This isn't just an issue with Apple gear - metal bodied IBM Thinkpads do it if the rubber coating isn't too thick. And I've had it happen on metal faced Pioneer audio gear. It isn't static, it is often felt only when the hand is very lightly touching the metal and often only when the hand is moving - as if brushing off a crumb. Unplug the power connector from your Mac and the problem will likely disappear while on battery power. The prolonged tingling nature of the effect leads me to believe it is a stray current. This is not likely due to a wiring problem in the device but might be a mild inductive or capacitive interaction between the power adapter / circuit and the device housing.

The fact that the laptop housing is metal and should be grounded when connected to power suggests that it is designed correctly to safely route true static discharges from your fingers to ground without damaging your Mac. I've damaged plenty of PC gear by working on carpet in winter via painful static shocks to the monitor or keyboard / USB ports. But I've never damaged Apple gear this way.

So the solutions seem to be: Make sure you are using extension cords with an embedded ground wire and plugs. Make sure the wall outlet is grounded correctly and any surge protector is undamaged. If this can't be achieved, use an external keyboard when connected to power. A silicon keyboard cover will completely cover the Apple wired keyboard, if needed. And powering the Macbook from an Apple Cinema display might be worth a try.

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The second step (ShiftCTRLOptionPower) is intended to reset your MBP's System Management Controller (SMC), as shown in this About.com video (more details about the SMC are contained in this Apple Support KB - look for specifics in the Portable computers that have a battery you should not remove on your own expandable section). This Wikipedia article indicates that this step is used to reset the Power Management Unit.

I don't have any specifics regarding the third step (ShiftCTRLOptionRPower), but I suspect that the R stands for reboot, as indicated by the behavior you experienced.

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I think it's just dry weather. Try getting a humidifier.

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Buy a three pronged pin from any service center. In the adapter the earthing line is available, it's sort of a hidden metallic strip inside the connector. It seemed to solve the problem for me.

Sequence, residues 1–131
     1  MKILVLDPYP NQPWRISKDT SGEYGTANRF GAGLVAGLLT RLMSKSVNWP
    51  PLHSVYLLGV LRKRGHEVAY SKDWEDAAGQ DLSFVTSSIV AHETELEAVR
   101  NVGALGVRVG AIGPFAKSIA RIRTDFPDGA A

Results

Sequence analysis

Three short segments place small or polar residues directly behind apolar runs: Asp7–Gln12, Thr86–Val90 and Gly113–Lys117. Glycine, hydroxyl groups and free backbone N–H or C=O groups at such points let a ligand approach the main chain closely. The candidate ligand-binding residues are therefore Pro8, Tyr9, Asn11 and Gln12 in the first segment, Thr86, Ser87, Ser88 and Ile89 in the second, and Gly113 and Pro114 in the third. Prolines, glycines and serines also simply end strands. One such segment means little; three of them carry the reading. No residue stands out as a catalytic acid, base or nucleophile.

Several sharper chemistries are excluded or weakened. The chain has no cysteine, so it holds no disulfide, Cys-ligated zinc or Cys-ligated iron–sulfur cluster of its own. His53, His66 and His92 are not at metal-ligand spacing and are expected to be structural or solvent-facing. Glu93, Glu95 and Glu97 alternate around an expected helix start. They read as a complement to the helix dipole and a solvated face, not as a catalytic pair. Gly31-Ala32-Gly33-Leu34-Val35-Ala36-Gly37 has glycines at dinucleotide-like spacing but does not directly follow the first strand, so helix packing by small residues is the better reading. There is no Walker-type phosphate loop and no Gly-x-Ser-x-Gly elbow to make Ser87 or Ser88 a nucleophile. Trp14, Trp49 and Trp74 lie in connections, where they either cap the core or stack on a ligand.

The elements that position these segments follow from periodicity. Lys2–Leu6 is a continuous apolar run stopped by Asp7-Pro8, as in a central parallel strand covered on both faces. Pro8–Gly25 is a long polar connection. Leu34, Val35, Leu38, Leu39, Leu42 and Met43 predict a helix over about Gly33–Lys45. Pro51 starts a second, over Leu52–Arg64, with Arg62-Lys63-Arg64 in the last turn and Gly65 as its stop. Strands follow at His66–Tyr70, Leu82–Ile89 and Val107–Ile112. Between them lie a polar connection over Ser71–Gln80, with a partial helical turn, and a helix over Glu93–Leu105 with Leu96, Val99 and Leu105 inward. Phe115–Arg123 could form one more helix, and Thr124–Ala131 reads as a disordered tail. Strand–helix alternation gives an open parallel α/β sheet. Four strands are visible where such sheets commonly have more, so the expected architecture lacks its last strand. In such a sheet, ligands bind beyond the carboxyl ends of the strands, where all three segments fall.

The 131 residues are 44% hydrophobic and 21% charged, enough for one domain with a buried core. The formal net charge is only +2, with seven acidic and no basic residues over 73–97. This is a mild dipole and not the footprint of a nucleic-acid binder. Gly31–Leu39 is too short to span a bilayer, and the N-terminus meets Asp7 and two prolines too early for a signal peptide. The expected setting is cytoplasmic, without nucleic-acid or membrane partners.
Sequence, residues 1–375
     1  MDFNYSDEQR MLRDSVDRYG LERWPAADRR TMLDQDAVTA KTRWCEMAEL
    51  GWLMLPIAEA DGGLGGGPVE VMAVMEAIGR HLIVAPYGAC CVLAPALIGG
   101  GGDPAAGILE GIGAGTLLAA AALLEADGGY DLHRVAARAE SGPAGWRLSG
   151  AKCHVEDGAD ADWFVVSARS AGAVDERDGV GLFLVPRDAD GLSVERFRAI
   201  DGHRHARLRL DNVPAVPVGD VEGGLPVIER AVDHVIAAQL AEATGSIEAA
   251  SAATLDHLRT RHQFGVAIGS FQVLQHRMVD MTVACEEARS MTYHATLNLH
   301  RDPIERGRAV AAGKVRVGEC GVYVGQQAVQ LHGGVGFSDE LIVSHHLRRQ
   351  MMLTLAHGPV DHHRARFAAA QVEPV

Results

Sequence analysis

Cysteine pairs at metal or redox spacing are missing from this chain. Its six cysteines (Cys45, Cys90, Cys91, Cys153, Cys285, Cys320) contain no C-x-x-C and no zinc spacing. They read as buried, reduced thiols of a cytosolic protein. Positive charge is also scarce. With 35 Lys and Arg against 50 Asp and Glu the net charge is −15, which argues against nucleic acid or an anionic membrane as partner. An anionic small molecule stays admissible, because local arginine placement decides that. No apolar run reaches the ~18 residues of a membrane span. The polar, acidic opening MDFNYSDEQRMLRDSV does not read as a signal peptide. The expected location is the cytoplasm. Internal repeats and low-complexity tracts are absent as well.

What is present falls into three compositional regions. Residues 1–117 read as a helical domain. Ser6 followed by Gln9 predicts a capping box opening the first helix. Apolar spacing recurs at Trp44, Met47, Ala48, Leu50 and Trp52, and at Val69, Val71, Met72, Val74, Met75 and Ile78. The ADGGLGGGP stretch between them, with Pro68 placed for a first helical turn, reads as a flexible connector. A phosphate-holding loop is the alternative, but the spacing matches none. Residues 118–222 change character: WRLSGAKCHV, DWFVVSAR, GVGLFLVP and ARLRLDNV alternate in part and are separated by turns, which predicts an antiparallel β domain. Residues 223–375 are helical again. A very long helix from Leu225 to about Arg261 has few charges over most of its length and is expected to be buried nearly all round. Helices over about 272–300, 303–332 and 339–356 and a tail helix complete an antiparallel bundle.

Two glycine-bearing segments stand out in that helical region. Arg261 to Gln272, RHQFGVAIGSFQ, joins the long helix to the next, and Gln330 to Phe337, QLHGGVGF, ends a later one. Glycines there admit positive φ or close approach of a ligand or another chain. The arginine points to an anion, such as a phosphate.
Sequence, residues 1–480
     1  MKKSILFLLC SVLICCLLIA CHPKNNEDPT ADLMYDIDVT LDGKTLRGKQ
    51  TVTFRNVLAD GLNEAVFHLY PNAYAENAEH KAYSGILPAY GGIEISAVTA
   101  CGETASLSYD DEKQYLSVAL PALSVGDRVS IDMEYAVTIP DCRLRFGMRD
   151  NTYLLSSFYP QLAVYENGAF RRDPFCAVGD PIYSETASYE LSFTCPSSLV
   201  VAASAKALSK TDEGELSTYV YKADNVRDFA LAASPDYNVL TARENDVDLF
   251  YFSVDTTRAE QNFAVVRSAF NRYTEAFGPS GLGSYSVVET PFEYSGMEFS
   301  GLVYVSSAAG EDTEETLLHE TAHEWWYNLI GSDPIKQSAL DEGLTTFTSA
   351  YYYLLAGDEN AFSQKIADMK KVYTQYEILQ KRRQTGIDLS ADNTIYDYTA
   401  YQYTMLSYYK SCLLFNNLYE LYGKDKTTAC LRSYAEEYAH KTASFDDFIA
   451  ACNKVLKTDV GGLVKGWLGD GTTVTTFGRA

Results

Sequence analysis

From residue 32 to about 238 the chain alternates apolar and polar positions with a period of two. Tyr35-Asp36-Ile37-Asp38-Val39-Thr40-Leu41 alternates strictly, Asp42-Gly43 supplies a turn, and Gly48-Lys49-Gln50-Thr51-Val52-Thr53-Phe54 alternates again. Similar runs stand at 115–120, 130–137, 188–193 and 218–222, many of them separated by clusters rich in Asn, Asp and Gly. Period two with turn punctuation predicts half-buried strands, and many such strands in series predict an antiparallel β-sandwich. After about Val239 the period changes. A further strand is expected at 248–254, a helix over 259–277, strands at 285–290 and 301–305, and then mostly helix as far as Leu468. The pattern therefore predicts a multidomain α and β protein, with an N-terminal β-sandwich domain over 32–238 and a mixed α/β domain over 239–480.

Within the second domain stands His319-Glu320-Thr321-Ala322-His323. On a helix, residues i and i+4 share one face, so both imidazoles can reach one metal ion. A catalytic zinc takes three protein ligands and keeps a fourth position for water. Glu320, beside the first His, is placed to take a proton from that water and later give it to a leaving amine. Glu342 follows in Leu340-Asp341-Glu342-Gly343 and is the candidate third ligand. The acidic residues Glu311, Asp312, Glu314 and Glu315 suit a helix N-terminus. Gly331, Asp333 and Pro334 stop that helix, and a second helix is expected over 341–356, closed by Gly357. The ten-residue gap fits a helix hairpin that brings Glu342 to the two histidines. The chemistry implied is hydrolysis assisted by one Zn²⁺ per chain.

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I recently moved to India and I had the same problem. But after using the 3 pin cord for the power adaptor the problem got fixed. I got both 2 pin and 3 pin connectors from Apple when I bought my mac. I was wondering why do they provide both and now the puzzle got solved! :P

Cheers!

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Something similar happened to me too. However, it also happens when I'm using it on battery as well. Hands felt tingling/numbing sensations and eventually burning sensation. Got blisters the next day. Had the unit returned and received a replacement. Replacement still gives me the tingling/numbing sensation after 30 minutes, but I have not received electric shocks on it yet (been using it straight out of the box for about 2 hours).

Did some research and there was an article that seems promising: http://www.emfwise.com/how-to-ground-appliances.php. We can purchase a cable that will "ground" the appliance to reduce the sensation.

Just wanted to share to warn people not to ignore the sensation and it might have health consequences (my fingers actually developed a slight tremor). Get the affected unit checked out/replaced and not to suffer like I did.

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This has happened to me and and i just charge it when i'm not using it.